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Academic Research > Archaeology > Archaeological Dig in Kythera, ,July 2010

Academic Research > Archaeology

submitted by John Fardoulis on 26.05.2010

Archaeological Dig in Kythera, ,July 2010

There will be an archaeological dig near the Agios Theoderos monastery in Kythera during July this year.
Archaeologist, Aris Tsaravopoulos will be conducting this rescue excavation with a small team of his associates.

Positions are open for volunteers from the Kytherian community to help support Mr Tsaravopoulos with the archaeological dig. Even though a formal excavation has not yet taken place around the monastery, the site is believed to have functioned as an ancient healing place, a sanctuary dedicated to Asclepius (the demi-god of medicine) from the end of the 5th Century BC.
An inscription found on an ancient wine jug suggests that this was a Laconian (Spartan) sanctuary - due to the god medic being referred to as Aiglapios in Laconian dialect.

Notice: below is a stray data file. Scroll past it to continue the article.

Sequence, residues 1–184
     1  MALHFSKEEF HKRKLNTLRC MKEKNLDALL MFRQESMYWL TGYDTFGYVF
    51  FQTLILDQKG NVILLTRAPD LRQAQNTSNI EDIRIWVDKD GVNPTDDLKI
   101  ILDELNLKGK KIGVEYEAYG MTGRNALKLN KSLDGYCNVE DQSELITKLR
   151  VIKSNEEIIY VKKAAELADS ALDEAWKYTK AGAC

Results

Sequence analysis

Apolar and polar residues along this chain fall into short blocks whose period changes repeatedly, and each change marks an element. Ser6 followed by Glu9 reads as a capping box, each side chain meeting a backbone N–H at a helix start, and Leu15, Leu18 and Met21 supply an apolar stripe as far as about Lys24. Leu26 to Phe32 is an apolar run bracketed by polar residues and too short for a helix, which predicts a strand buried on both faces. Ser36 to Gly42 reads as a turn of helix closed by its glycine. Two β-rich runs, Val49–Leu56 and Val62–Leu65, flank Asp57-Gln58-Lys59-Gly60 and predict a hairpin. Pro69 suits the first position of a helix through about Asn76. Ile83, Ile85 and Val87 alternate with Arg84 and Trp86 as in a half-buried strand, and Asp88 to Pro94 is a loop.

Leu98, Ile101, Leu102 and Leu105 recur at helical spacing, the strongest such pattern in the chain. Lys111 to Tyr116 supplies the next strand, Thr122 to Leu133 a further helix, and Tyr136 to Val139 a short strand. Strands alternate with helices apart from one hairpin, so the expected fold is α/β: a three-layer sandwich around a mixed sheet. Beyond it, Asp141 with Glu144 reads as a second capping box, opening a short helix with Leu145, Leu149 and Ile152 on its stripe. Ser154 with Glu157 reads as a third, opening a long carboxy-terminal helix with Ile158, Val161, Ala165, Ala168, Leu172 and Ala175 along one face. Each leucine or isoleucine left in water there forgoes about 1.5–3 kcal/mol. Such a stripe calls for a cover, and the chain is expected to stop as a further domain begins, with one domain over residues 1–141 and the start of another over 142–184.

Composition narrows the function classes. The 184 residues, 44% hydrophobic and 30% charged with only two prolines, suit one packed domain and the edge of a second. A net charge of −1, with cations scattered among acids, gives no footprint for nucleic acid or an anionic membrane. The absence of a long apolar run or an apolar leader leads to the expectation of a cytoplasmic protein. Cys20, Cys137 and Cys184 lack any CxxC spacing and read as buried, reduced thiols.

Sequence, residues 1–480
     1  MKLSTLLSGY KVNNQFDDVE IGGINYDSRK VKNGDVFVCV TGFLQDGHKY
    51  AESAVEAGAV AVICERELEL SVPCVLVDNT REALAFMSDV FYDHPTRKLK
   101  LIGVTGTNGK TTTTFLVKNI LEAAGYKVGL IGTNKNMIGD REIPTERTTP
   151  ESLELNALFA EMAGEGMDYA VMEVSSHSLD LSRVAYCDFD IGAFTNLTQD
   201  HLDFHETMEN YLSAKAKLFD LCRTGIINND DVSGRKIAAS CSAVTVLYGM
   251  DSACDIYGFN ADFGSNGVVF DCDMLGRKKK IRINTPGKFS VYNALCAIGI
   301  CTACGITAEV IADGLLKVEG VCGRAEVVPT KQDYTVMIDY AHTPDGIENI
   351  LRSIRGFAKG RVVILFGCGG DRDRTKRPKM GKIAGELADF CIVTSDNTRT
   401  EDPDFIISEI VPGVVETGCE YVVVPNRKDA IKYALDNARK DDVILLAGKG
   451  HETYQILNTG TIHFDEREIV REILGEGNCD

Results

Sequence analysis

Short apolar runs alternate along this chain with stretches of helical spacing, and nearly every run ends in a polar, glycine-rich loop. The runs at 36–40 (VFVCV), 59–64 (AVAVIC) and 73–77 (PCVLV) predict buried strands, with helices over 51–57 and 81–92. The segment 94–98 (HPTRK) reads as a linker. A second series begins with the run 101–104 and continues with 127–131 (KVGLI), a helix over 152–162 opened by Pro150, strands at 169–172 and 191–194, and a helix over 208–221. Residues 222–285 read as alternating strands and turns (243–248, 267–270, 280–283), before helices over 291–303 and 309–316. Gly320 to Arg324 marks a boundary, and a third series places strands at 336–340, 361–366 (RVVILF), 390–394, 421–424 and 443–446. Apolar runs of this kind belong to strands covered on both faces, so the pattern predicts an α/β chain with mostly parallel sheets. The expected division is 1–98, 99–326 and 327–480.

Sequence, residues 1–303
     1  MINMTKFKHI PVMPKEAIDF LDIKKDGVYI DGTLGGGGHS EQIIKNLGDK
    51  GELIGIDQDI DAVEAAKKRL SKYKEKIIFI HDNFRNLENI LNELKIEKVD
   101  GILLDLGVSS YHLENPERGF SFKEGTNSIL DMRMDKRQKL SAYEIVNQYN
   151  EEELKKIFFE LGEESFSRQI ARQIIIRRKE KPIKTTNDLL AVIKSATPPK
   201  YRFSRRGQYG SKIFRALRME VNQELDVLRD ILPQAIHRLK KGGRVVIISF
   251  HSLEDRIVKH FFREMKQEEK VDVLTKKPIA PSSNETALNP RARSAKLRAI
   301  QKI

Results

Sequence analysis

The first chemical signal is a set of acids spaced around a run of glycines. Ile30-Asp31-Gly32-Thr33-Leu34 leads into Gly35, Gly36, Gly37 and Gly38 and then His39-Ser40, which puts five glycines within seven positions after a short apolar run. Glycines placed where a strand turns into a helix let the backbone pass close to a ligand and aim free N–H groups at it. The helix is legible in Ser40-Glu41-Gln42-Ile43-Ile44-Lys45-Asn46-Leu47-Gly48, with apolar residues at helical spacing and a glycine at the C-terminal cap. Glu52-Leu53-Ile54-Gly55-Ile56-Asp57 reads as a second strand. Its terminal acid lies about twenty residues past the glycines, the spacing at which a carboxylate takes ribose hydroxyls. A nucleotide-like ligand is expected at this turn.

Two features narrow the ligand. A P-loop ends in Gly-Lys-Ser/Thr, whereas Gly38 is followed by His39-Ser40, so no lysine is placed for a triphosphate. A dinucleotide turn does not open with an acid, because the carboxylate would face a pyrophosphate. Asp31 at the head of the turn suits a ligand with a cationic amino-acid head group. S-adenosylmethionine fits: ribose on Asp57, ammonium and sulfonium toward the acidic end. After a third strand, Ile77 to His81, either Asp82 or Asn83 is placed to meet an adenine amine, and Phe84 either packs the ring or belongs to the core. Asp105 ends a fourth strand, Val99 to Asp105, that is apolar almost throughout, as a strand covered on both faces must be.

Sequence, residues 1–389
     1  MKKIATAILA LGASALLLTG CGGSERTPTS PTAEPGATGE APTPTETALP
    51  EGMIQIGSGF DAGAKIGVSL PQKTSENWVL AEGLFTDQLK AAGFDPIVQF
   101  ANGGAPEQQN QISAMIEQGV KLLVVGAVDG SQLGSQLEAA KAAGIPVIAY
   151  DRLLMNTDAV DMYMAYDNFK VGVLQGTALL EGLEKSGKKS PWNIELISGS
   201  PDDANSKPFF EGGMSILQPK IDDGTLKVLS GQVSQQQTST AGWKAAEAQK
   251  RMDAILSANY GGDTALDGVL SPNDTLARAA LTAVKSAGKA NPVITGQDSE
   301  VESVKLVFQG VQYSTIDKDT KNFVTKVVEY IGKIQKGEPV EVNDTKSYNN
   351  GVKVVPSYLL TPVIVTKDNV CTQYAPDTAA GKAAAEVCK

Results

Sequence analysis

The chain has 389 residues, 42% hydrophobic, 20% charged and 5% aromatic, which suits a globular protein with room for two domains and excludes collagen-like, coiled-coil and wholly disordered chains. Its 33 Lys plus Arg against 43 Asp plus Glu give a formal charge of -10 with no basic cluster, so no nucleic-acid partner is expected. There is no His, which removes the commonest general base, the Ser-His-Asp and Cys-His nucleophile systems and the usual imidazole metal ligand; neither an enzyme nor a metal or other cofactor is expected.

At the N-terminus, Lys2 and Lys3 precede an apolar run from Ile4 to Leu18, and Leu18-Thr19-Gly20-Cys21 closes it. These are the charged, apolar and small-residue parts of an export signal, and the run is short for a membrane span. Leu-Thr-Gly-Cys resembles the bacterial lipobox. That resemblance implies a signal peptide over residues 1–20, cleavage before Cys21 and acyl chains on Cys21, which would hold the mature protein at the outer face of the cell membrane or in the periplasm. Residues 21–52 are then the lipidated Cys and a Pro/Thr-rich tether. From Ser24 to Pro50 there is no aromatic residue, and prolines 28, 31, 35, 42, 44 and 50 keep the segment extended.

The excavation will run for a period of three weeks from Thursday July 8th through to Thursday July 29th this year. No prior experience is necessary as supervision will be provided by the team of trained archaeologists.

Don’t miss out on this unique opportunity to visit a working archaeological dig in Kythera.
Members of the public can be involved in four main ways;
a. As weekly volunteers
b. As daily volunteers
c. Participating in a site tour
d. Viewing frequent online updates on and on Facebook

Site tours will be offered to members of the public at 9.30am, several times each week during this 21 day period. We’ll be prompting as many parents as possible to bring their children to the site to show them how archaeologists work.
Youth will get a unique opportunity to see an archaeological dig first hand and it is hoped that this will help trigger a greater curiosity and affinity with their Kytherian heritage.

For more information, contact

This archaeological excavation has been supported by the Kytherian Association of Australia and Nicholas Anthony Aroney Trust. It would not have been possible without their assistance.

Archaeological Dig in Kythera, ,July 2010 - Fivos Tsaravopoulos 2472

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